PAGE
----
It is important for board members to all have the same language and understanding when talking about decisions. It saves time, avoids misunderstanding, and improves the relationships. The net result is greater peer to peer responsibility. It avoids ambiguity, and frequently avoids creating urgent situations.

Sit down with the governance committee and consider what each board member needs to know and to have in order to be a strong contributor to the work of the board. It may be specific skills – like reading the financials. It may be in-depth understanding of the strategic plan and their role in it. There are a lot things that go into being an effective board member.

How to Introduce Board Education

At the start of each year, consider the knowledge, experience and skill sets of your board members. What gaps are there? What knowledge do some have, but not others? Where do there seem to be problems with communication? What knowledge do new members bring to the table that returning members could benefit from? What knowledge do returning members have that would help acclimatize new members?

You’ll likely find that there are a lot of gaps. The exercise provides a foundation for introducing the idea to your board, giving directors a solid rationale for regular board education.

Then schedule regular board education, instead of waiting until it’s urgent.

Build a culture of continuous improvement. You do it for your programs – now introduce it to your board.

Need a Reason for Board Committees? Here are Six.

Need a Reason for Board Committees? Here are Six.

(Image Credit: Wikimedia Commons)

It happens all the time, especially when a board is transitioning from a working board to a governing board. The organization grows. It gets more complicated. Board members used to being involved in everything have trouble releasing the details and focusing on the bigger picture.

If the role of the board is to focus on mission and not minutiae, what will make that possible?

What will make it possible to pay special attention to the financial oversight role? Staying informed is important, but the specifics of watching the checkbook and investments; researching where funds should be invested; and drafting financial policies are not everyone’s forté. The specific, detailed work that goes into reviewing the current financials, the research, and the drafting are more easily done by a smaller group of people with financial literacy.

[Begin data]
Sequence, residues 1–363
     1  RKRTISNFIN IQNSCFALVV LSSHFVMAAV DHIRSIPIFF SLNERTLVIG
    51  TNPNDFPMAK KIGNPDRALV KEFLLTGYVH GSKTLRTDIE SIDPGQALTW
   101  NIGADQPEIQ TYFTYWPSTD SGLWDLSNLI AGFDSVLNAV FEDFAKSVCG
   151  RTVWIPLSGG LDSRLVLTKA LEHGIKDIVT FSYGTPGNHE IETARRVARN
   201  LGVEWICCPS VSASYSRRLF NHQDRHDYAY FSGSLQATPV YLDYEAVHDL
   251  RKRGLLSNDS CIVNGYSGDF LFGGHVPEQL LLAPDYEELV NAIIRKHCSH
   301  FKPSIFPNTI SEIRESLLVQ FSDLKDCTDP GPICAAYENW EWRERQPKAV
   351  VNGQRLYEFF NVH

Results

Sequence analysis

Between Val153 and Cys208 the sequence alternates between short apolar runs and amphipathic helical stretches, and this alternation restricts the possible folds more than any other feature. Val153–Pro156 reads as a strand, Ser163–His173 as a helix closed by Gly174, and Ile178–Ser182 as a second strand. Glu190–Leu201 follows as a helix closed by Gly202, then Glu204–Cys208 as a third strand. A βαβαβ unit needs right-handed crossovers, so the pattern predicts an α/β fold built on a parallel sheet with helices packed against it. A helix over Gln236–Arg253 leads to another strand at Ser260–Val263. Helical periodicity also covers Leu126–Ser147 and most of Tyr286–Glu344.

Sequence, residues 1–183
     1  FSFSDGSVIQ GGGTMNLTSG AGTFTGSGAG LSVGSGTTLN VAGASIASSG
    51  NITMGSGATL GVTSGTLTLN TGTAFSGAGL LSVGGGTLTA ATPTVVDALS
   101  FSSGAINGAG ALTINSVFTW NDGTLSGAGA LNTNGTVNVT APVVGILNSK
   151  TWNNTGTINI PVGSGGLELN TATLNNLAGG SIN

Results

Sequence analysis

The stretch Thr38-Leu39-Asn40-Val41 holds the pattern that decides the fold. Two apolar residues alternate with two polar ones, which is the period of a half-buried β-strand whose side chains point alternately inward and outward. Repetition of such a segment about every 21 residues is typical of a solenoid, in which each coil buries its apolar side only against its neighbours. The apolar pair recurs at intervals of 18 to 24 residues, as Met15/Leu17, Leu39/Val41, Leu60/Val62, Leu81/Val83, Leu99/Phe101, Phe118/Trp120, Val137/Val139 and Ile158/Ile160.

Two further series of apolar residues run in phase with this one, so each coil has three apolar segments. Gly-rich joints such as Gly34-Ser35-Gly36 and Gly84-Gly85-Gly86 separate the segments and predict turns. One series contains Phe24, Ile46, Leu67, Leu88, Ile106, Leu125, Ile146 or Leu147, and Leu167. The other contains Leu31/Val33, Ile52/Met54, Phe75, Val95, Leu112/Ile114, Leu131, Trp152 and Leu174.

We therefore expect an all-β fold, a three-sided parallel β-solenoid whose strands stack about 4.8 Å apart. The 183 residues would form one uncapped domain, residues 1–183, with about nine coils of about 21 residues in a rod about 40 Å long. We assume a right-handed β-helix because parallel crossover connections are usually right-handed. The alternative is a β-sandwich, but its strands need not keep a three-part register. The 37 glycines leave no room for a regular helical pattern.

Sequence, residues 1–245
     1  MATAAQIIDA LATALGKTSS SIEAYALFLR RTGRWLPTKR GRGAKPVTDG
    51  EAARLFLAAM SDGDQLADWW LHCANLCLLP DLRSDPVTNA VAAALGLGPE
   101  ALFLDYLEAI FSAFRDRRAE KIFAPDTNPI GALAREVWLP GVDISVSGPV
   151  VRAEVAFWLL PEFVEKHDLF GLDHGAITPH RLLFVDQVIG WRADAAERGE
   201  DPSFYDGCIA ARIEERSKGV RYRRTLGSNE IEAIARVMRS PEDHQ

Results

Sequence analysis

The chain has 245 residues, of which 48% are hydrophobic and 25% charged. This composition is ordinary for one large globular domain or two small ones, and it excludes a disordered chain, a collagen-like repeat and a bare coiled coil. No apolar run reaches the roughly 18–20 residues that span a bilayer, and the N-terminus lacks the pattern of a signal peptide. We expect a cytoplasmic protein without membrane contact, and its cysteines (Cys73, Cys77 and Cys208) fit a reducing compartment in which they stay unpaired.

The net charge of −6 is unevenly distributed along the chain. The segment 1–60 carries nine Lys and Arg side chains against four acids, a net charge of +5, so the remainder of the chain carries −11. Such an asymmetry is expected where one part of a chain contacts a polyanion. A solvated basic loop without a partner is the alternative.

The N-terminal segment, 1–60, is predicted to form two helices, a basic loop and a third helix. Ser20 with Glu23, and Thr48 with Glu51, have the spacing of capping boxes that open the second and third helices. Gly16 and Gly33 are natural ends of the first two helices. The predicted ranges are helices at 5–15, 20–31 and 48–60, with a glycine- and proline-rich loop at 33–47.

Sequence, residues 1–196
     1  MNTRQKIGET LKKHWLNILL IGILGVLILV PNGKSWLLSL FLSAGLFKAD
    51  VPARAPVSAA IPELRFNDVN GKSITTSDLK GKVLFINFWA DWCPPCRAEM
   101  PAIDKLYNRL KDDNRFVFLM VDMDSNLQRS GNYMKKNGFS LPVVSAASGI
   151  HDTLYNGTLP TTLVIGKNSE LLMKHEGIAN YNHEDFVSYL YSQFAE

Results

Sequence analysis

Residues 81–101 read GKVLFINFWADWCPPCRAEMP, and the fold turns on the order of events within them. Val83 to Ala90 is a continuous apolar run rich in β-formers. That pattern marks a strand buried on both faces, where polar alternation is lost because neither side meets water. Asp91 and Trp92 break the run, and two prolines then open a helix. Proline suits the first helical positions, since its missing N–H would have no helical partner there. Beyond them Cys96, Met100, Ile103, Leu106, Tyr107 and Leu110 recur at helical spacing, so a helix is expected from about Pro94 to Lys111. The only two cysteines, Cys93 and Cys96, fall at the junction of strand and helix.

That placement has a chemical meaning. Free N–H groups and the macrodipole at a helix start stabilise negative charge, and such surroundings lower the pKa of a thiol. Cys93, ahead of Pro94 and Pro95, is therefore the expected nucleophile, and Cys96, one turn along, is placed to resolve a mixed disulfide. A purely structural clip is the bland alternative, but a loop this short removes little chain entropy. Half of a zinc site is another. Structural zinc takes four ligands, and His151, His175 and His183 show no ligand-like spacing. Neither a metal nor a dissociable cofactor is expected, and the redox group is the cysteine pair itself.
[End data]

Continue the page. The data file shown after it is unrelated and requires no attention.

What will make it possible to completely revamp your community relations? Each board member has a role to play in advocacy and public relations, but developing the plan takes expertise. Identifying opportunities for board participation, PR outlets, messaging, advocacy timeline are more easily accomplished by a smaller group of people with community relations and advocacy experience.

Far from removing responsibility from the board, committees are vehicles for building the board by:

  1. Engaging board members more closely in important work that intimately and explicitly uses their expertise. Why did Carlos come on the board in the first place? What’s his passion and talent? Let him loose!
  2. Creating opportunities for recruiting strong board members, who have an interest in the organization and now have experience with the organization. Not sure if Jenna is a good fit? Invite her to help on a committee! After working together, she can decide whether she wants to be more involved, and you can see if she’d do well on the board.
  3. Strengthening the board knowledge base by bringing in individuals who don’t want board service but who want to offer their expertise. Is Shenay an HR lawyer with a heavy travel schedule? A board position may not fit her life right now, but she may be happy to provide guidance on a committee.